Five Ways Freeform Made an Impact at New York Comic-Con

50 Million Impressions: Five Ways Freeform Made an Impact at New York Comic-Con

50 Million Impressions: Five Ways Freeform Made an Impact at Comic-Con

Freeform_NY Comic-Con 2017_2

A storefront replicated The Jade Wolf restaurant, a key element of “Shadowhunters.”

Racking up more than 50 million organic impressions on its platforms and earning the number three spot on social media for one of its shows at New York Comic-Con, Freeform, the Disney-owned network formerly known as ABC Family, was on to a winning strategy.

Freeform’s activation, located on a high-traffic corner directly across the street from the show at the Jacob K. Javits Convention Center, offered eye-catching billboards, a bodega, a 360-degree photo booth, a Chinese restaurant and—get this—a live, “evil” swimming mermaid.

Taking place Oct. 5-8, it was all part of a strategy to drive awareness for two of Freeform’s returning shows—“Beyond” and “Shadowhunters”—and two new ones—“Cloak & Dagger” and “Siren”—by immersing fans in experiences based on each show, tapping into their passion points and offering Instagrammable moments to share. Here’s a closer look at how the winning strategy worked:

 

1. It “zigged” when everyone else “zagged.”

Freeform took over an entire corner directly across the street from the Javits Center, from Thursday through Sunday of New York Comic-Con, a move that paid off in spades. “One of the things we have learned across the experience of doing many ‘Cons’ is that being on the floor is wonderful, but it’s difficult to sometimes stand out,” says Tricia Melton, svp-marketing and creative at Freeform. “Sometimes you are better zigging when everybody else is zagging. This was a zig strategy.”

 

2. It was immersive. 

Inside the footprint, Freeform executed four engagements, each designed to immerse fans in a show-specific experience. For “Cloak & Dagger,” a series based on the popular Marvel comic books, it created the Black and White pop-up bodega, a nod to the characters’ disparate backgrounds. The “Beyond” area of the site featured a 360-degree photo booth that placed fans into an iconic scene from the series—a wooded setting where the show’s main character awakens from a 12-year coma with supernatural abilities. A storefront replicated The Jade Wolf restaurant, a key element of “Shadowhunters.” And then there was the mermaid from “Siren,” which captivated fans with her evil eyes and slinky movements in and out of a replica of the show’s Bristol Cove Marine Research Center water tank. The activation also featured educational information about mermaids and their history, anatomy and abilities.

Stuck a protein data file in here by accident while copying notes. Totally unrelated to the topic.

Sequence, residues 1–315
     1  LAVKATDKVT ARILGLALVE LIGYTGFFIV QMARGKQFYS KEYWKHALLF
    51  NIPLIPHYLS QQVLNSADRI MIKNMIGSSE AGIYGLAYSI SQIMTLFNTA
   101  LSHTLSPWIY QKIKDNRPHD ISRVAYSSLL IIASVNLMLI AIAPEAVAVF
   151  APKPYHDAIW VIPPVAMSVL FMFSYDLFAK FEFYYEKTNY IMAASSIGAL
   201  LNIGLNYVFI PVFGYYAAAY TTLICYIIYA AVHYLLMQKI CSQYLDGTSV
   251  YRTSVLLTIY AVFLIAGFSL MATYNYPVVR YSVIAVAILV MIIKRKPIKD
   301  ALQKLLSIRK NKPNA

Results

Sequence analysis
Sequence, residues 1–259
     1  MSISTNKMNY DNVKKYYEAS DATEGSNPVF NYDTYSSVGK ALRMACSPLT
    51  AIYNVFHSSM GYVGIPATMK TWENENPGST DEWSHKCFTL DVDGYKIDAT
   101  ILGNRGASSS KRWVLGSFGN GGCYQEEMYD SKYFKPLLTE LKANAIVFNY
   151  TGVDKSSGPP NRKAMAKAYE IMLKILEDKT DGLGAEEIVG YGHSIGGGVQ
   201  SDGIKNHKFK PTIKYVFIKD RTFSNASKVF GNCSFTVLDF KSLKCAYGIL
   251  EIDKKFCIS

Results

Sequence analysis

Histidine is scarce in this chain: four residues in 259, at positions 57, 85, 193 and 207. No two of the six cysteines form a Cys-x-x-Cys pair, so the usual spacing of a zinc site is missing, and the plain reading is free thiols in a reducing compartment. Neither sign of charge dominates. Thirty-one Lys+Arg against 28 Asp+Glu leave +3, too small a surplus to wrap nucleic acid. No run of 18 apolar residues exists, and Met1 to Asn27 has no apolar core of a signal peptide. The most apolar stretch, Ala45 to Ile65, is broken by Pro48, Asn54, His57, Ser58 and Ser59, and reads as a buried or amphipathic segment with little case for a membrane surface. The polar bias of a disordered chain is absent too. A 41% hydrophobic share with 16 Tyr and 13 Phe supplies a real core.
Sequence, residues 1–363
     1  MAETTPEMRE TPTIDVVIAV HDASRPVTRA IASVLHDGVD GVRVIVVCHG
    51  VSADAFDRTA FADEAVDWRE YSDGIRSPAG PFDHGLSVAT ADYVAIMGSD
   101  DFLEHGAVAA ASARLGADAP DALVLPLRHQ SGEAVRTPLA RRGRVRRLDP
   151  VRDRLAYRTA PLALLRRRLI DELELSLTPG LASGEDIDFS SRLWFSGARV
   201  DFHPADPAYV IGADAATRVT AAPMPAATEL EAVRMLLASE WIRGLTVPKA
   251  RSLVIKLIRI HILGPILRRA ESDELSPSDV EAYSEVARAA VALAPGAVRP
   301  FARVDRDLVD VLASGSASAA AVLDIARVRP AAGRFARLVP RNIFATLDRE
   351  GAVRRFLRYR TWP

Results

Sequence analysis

3. It was Instagrammable. 

Each of the activations was designed with social shareability in mind. Fans who participated in the “Beyond” 360-degree photo experience received a multimedia video for sharing across their social footprints. Fans also took photos in front of the bodega and Jade Wolf storefront. “Siren’s” live mermaid was a massive draw, both on-site and on a Facebook Live. One fan’s mermaid video alone generated more than 625,000 views.

 

4. It offered lots of giveaways.

Nobody left Freeform’s footprint empty-handed. At “Cloak & Dagger’s” bodega, fans received a tarot card that, when passed under a black light, revealed prizes such as a Marvel artist-designed poster, a black and white cookie or a branded tote bag. At the Jade Wolf restaurant storefront, they received fortune cookies for a chance to win a poster or Jade Wolf t-shirt in a Chinese food box. “We understand this audience very well,” Melton says. “They love immersing themselves into the experience of the show, they love being able to leave with something that is a takeaway that they can take back with them and remember. That was definitely part of the strategy.”

 

5. It tied to a bigger strategy for the brand. 

As fun and engaging as the experiences were, they were part of a larger effort to generate awareness, press and social media impressions. To that end, Freeform brought in talent for special appearances, held three panel discussions and offered a screening of “Siren.” “The whole thing worked together so that Freeform as a brand felt incredibly present and powerful at the Con,” says Melton. Agency: Grandesign, New York City.

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